Largely out of sight in the rugged mountains of Nueva Vizcaya, Australian-Canadian company OceanaGold has been making millions mining gold and copper, while local people and the environment suffer.

The company has repeatedly violated President Duterte’s calls for responsible mining. OceanaGold has not adhered to its commitments under its mining permit and various Philippine laws and regulations. It is time to heed local calls to shut down this company’s operations.

This is the conclusion of a report just released by researchers from the United States, Canada, and the Philippines. The report builds on our years of studying OceanaGold’s Didipio Gold and Copper Mine operations in Nueva Vizcaya, begun as an open pit operation and now converted to an underground mine.

Our conclusions reinforce the findings of President Duterte’s first Secretary of Environment and Natural Resources (DENR), Gina Lopez, numerous petitions by local communities and elected officials around the mine, and strong positions taken by the provincial government. We have merged our findings with those of others in the just-released study [link] to provide ample documentation of unacceptable impacts of OceanaGold’s Didipio mine on water, forests, land, indigenous peoples, human rights, biodiversity, and workers’ rights.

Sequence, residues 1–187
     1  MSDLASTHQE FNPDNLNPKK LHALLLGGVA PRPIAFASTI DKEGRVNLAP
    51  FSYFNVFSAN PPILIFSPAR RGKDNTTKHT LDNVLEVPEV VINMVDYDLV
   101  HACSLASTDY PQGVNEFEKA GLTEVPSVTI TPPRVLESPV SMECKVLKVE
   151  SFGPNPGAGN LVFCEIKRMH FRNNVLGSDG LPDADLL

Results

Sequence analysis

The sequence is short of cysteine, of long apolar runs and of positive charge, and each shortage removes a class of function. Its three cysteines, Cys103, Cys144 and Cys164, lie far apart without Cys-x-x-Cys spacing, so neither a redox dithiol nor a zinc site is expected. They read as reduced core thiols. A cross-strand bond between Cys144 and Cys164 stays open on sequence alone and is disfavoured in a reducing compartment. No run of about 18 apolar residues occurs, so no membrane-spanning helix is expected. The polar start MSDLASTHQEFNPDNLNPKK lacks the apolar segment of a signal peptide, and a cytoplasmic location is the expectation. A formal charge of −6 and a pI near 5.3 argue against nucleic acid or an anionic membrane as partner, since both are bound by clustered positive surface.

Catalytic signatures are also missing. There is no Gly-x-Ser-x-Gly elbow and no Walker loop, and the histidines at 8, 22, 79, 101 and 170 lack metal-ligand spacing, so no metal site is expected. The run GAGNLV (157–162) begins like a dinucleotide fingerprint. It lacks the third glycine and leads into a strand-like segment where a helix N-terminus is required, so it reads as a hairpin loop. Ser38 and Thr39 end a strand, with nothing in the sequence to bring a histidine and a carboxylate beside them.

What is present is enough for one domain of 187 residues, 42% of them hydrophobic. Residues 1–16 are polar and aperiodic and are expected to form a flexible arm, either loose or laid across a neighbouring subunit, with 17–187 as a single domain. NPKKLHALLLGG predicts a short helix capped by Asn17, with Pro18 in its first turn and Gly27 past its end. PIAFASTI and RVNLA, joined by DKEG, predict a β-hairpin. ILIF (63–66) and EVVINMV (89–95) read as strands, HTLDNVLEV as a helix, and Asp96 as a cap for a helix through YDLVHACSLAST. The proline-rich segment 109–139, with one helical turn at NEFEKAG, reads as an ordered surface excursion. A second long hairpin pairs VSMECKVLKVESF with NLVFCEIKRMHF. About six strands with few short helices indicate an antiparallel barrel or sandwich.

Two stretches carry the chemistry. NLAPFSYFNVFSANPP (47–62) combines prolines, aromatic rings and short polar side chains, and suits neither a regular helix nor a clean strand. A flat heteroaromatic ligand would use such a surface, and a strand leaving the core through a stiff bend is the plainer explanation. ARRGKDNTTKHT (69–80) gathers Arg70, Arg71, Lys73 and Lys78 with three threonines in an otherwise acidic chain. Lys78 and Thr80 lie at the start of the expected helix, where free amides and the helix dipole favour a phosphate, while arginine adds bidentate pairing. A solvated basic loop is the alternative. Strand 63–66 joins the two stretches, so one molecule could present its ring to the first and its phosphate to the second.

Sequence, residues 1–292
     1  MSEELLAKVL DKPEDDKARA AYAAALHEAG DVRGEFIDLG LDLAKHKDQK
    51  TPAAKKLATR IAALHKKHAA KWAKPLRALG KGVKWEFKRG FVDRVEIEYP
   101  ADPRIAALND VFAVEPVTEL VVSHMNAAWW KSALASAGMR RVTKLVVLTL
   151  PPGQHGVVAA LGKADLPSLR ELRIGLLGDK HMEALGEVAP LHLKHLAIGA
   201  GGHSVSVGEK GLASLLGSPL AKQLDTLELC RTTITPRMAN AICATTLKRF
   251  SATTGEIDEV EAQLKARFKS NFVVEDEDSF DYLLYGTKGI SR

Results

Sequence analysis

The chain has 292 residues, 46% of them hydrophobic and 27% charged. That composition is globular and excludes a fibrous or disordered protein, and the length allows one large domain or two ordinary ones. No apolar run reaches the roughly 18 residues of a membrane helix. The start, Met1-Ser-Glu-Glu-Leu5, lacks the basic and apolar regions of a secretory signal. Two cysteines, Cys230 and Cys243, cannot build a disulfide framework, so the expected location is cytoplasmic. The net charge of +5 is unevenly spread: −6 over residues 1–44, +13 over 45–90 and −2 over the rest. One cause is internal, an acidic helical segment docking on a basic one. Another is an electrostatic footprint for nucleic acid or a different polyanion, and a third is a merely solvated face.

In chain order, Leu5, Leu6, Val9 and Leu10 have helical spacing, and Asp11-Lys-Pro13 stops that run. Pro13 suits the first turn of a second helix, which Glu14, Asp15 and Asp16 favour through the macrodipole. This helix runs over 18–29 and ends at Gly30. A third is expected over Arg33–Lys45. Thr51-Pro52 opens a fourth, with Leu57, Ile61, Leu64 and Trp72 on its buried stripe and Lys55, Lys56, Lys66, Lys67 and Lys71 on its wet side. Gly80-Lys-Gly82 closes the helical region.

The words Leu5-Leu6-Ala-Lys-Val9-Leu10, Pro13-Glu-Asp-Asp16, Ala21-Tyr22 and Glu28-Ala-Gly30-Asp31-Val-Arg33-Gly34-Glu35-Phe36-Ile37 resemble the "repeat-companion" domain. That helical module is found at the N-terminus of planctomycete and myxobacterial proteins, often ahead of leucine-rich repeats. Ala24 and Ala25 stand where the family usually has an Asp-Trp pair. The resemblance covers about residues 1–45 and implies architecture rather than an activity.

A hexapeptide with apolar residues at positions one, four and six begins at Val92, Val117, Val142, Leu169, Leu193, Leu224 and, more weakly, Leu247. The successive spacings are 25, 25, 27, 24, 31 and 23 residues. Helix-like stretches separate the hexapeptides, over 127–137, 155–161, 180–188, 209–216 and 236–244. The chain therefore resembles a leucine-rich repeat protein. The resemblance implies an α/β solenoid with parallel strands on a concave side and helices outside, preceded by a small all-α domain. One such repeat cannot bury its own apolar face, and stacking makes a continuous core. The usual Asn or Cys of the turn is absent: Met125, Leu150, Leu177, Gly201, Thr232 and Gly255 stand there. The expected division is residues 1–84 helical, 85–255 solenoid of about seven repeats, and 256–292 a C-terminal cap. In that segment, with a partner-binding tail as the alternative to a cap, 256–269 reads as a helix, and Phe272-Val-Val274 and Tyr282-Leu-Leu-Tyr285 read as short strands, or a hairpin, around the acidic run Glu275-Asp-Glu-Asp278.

Now is the time for President Rodrigo Duterte and DENR Secretary Roy Cimatu to act.

Read the full article at Rappler.

Robin Broad is a Guggenheim Fellow and Professor at American University in Washington, D.C. John Cavanagh directs the Institute for Policy Studies. Catherine Coumans is Research Coordinator and Asia Pacific Program Coordinator of MiningWatch Canada. Rico La Viña is a researcher at the Institute for Policy Studies.